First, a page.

Trump shuts down study that aims to find cure for HIV

The anti-abortion movement is winning a quiet battle against fetal tissue research.

Anti-abortion activists rally outside the White House on July 9, 2018 in Washington, DC. (Credit: Tasos Katopodis/Getty Images)
Anti-abortion activists rally outside the White House on July 9, 2018 in Washington, DC. (Credit: Tasos Katopodis/Getty Images)

The anti-abortion movement has long tried to end government funding for fetal tissue research, an issue that became a major flash point in 2015 when a heavily edited video falsely claimed that Planned Parenthood is “selling aborted baby parts.

Now, the Trump administration is curtailing the use of human fetal tissue in medical research, as part of an internal audit and comprehensive review of all policies at federal agencies. So far, the administration ordered scientists at the National Institutes of Health (NIH) to stop acquiring any new fetal tissue for research, and shut down at least one-government run study aimed at discovering a cure for HIV, as first reported by Science.

“This effectively stops all of our research to discover a cure for HIV,” said a Montana researcher in an email from late September, acquired by Science.

The researchers at Rocky Mountain Laboratories in Hamilton, Montana use fetal tissue from Advanced Bioscience Resources (ABR), “the only provider of fetal tissue for scientists in the nation who don’t have direct access to aborted fetal tissue,” according to the researcher. Using the fetal tissue donated by people who have legal abortions, scientists create “humanized mice” that have immune systems like humans and, thus, are critical to testing and developing new drugs.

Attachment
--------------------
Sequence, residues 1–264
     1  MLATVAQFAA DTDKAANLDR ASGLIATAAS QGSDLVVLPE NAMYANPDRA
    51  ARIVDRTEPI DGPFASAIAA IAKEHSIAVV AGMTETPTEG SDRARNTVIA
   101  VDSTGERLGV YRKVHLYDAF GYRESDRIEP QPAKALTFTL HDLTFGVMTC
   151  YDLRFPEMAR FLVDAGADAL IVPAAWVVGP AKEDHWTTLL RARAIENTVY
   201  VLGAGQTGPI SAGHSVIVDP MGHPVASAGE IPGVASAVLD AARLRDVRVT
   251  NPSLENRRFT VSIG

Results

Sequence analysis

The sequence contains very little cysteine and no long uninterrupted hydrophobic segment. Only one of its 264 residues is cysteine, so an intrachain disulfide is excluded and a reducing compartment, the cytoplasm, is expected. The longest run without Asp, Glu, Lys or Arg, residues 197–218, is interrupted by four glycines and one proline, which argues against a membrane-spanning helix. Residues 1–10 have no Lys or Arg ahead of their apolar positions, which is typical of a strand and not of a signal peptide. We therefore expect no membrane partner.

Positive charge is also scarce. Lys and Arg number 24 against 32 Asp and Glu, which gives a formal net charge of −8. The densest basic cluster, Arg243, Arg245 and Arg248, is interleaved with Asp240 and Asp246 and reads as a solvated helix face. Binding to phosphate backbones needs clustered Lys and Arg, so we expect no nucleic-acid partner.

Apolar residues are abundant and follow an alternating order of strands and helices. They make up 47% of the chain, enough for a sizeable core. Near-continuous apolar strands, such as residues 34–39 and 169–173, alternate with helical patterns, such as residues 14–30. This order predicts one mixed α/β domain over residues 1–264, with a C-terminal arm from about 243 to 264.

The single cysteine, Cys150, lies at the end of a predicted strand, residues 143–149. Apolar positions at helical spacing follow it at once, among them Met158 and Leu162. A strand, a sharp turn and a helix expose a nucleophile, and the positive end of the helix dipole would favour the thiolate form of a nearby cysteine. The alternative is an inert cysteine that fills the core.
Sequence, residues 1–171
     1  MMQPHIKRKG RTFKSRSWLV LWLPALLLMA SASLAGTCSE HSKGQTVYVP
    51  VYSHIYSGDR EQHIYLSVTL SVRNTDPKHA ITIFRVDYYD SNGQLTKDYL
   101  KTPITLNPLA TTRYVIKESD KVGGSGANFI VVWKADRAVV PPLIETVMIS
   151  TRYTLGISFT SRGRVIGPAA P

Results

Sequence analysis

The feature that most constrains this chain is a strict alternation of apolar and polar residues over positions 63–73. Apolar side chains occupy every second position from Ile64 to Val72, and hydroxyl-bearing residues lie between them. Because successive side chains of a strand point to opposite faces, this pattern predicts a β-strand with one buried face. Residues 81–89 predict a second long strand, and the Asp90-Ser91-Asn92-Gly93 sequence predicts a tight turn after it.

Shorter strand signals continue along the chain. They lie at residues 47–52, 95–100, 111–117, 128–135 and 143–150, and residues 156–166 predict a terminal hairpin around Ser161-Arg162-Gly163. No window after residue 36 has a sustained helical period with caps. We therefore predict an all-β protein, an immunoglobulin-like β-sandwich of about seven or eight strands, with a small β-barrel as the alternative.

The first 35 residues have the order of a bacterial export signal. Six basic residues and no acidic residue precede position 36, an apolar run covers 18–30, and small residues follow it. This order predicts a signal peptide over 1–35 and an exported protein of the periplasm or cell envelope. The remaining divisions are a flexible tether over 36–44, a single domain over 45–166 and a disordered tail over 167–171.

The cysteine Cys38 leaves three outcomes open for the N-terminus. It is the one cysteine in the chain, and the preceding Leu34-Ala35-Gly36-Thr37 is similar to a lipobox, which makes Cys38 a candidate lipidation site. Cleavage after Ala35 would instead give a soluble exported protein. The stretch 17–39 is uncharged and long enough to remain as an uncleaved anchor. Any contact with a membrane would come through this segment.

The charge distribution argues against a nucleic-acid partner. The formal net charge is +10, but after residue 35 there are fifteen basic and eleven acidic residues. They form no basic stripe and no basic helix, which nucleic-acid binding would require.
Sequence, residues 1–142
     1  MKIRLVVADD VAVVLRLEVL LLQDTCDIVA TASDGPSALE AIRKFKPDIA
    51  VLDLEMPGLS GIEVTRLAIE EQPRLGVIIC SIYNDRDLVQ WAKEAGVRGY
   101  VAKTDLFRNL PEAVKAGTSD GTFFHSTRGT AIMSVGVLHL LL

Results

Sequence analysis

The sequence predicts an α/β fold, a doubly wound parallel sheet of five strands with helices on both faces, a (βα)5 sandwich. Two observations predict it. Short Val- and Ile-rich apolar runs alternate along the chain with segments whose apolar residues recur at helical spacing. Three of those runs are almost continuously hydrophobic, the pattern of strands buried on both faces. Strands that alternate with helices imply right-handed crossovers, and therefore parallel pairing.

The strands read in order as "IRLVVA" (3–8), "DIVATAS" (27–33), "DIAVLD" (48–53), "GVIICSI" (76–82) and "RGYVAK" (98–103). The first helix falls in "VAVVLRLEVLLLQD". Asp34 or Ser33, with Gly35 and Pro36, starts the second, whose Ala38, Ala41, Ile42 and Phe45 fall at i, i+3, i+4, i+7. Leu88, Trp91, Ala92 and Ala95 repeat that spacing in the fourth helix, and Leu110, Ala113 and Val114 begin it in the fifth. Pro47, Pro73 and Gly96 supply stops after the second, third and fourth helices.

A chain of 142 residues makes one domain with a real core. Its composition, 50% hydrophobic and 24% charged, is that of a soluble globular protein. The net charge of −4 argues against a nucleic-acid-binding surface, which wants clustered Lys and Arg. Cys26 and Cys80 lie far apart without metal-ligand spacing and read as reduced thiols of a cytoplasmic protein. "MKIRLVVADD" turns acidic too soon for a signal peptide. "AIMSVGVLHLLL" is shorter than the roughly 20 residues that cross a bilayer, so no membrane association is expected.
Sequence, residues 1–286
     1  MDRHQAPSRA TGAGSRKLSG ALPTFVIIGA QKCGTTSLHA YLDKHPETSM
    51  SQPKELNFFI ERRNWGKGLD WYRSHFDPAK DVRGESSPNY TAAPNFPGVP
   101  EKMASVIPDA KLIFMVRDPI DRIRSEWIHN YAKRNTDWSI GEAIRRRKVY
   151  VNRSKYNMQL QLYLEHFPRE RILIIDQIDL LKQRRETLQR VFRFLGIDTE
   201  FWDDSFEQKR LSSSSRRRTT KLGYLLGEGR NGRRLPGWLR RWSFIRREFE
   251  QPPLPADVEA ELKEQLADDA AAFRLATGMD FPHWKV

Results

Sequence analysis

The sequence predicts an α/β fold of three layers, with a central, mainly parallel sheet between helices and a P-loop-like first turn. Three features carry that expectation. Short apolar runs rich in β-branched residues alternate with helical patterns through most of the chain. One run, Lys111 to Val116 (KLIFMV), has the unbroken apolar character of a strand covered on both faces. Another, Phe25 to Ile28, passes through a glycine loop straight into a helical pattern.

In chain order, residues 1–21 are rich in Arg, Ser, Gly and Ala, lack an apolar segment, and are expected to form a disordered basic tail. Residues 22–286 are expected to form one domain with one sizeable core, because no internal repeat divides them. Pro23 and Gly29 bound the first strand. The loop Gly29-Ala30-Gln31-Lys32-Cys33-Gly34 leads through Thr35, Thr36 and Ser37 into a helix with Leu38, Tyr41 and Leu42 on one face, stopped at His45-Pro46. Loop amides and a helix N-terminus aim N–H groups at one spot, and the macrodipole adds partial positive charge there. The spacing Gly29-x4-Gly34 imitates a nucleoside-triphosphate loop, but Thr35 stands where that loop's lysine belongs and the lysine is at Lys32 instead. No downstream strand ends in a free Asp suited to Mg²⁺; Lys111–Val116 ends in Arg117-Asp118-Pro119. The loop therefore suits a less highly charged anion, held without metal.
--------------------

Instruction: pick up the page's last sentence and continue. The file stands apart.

NIH also told Science that the “pause” of further procurements, pending audit and review, affects two other laboratories.

In late September, the Department of Health and Human Services (HHS) announced that it terminated a contract between ABR and the Food and Drug Administration (FDA), citing the agency wasn’t “sufficiently assured that the contract included the appropriate protections applicable to fetal tissue research.” As a result, HHS is conducting an agency-wide audit and comprehensive review of fetal tissue research. It’s also looking into alternatives. The administration intends to hold several listening sessions with various stakeholders, including anti-abortion groups, according to Politico.

ThinkProgress reached out to HHS for further comment and clarification on the audit/review, but did not immediately hear back. But NIH did respond with an emailed statement:

Research with tissue already on hand could proceed, and NIH leaders asked to be notified by intramural investigators if new procurement would be necessary. This did not occur with [Montana researcher Kim] Hasenkrug’s research. The intent was never to cause research to stop. NIH is currently assessing if there are other NIH intramural research projects that require procurement of new fetal tissue to determine appropriate next steps to prevent interruption of research.

Fetal tissue research is already heavily regulated under the NIH Revitalization Act of 1993. Moreover, science and medical organizations have told lawmakers that other cells cannot be used to replace fetal tissue in biomedical research.


Ending over $100 million in federal funding for fetal tissue research is among the anti-abortion movement’s top priorities. Representatives with Susan B. Anthony List, March for Life, and other prominent groups met with administration officials late November, aiming to pressure the White House to end such funding, according to Rewire.News.

Vice President of Government Affairs for March for Life, Tom McClusky, told the Hill, “The problem has always been with the NIH and their director, Francis Collins,” an Obama-era appointee who oversaw the agency as it spent more than $103 million on fetal tissue in fiscal 2018.

The anti-abortion movement has scored plenty of wins under the Trump administration. For example, the administration proposed a Reagan-era policy known as the “domestic gag rule,” which would prohibit Title X dollars from going to abortion providers. While the Senate’s confirmation of conservative federal judges is the most obvious assault on reproductive rights, there are other insidious ways the movement is leaving its mark.

This story has been updated to include comment from NIH.